Op-ed: Why were legislators stripped of their committees in 2023 session?

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Written by Felicia Rabourn, state representative for the 47th district which includes: Carroll, Henry, Owen and Trimble counties

Late in the evening on March 30th, in the final hours of the 2023 General Assembly Session, the voices of approximately 270,000 Kentuckians were silenced. Six duly-elected state representatives were stripped of their committees, for no reason other than pure political retribution. These legislators did not break any rules or laws, and no disruption of legislative business occurred. The only “infractions” committed by these legislators were standing up for their districts and fighting for what they believe in.

Who made the decision to remove these legislators? Five people, out of a body of 100 state representatives. These five people were members of House leadership, consisting of the Speaker of the House, the Speaker Pro Tempore, the House Majority Floor Leader, the Whip, and the Caucus Chair. No vote was ever taken to hand down this short-sighted political payback, and 95% of the legislative body had no say whatsoever.

Why were these legislators stripped of their committees? The majority of the legislators in question were targeted because they tried to strengthen a Parental Rights bill. They fought for an amendment which among other provisions stated that “A parent of a child shall have the fundamental right and liberty to make decisions concerning the child’s care, custody, and control without obstruction or interference from the government.” This amendment also prohibited school districts from teaching elementary school children about sex, or exposing any child to visual depictions of obscene sexual material.

Instead of allowing the body to take a vote on this amendment and give members a chance to vote for it or against it, the Speaker of the House ruled against the amendment and blocked it from coming up for a vote. As if that weren’t bad enough, House leadership then decided to revive the legacy of former Speaker Greg Stumbo and nearly a century of Democrat control by retaliating against members who were acting in good faith representing their districts. It’s unacceptable, and it provides indisputable proof that Frankfort is broken.

Employing political paybacks to obstruct a legislator’s ability to represent his or her district is an open assault on our representative form of government. Our constitutional republic was designed to ensure that the People’s branch of government, the legislature, would make laws in accordance with the consent of the governed. Each member of the Kentucky House of Representatives is elected to represent approximately 45,000 citizens, and to provide a direct line of representation in state government.

Kentuckians have overwhelmingly put their trust in Republicans to lead, as evidenced by the supermajority of Republican legislators serving in the General Assembly. The citizens of our great Commonwealth expect better stewardship from those who are entrusted with a position of leadership. Instead of attempting to silence conservative members and the voices of the citizens they serve, House leadership should work with the growing Republican supermajority to deliver on the promises they have made to voters.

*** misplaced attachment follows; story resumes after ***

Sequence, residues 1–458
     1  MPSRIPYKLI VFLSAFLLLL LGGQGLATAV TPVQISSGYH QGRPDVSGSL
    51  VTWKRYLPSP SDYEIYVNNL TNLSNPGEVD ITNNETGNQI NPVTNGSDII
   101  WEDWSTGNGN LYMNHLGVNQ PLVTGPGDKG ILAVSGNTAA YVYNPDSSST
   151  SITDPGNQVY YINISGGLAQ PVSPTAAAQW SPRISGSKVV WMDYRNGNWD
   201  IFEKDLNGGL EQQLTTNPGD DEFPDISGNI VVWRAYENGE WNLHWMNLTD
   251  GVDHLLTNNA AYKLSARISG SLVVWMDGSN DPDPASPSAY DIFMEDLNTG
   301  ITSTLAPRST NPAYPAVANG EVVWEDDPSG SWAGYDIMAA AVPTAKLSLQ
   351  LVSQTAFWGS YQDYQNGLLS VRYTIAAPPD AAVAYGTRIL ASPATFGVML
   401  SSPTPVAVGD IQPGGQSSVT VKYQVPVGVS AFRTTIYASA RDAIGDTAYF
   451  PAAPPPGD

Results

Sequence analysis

With a supermajority of 110 out of 138 in the Kentucky House and Senate, this is where we stand: Conservative legislators are punished and silenced, good bills are blocked through a faulty process, and powerful special interests take priority over citizens.

However, we are not powerless to fix this. We can improve the process, and we can restore a system of government that works for the People as our Founder’s intended by making some changes:

* Duly-elected legislators should not be stripped of committees against their will; They should have the ability to appeal such a punitive action by way of a vote among their fellow committee members.

* All legislators should receive a committee hearing for a minimum of two bills they file, so that the priorities of their respective districts will at least be considered by the People’s branch of government.

* All bills that pass favorably in committee should be brought to the floor, so that the full body of legislators has the opportunity to debate the legislation and give it consideration.

More news:  Opinion: It's time to restore citizen participation in Kentucky lawmaking process

You can reach members of leadership to express your frustration and to convey your support for improving the process by calling 502-564-4334 or by reaching out through their individual contact information listed below:

David Osborne – Speaker of the House:
Phone: 502-645-2186
Email: [email protected]

David Meade – Speaker Pro Tempore
Email: [email protected]

Steven Rudy – Majority Floor Leader
Email: [email protected]

Jason Nemes – Majority Whip
Email: [email protected]

Suzanne Miles – Majority Caucus Chair
Email: [email protected]

This information can also be found on the Legislative Research Commission’s official website, legislature.ky.gov.

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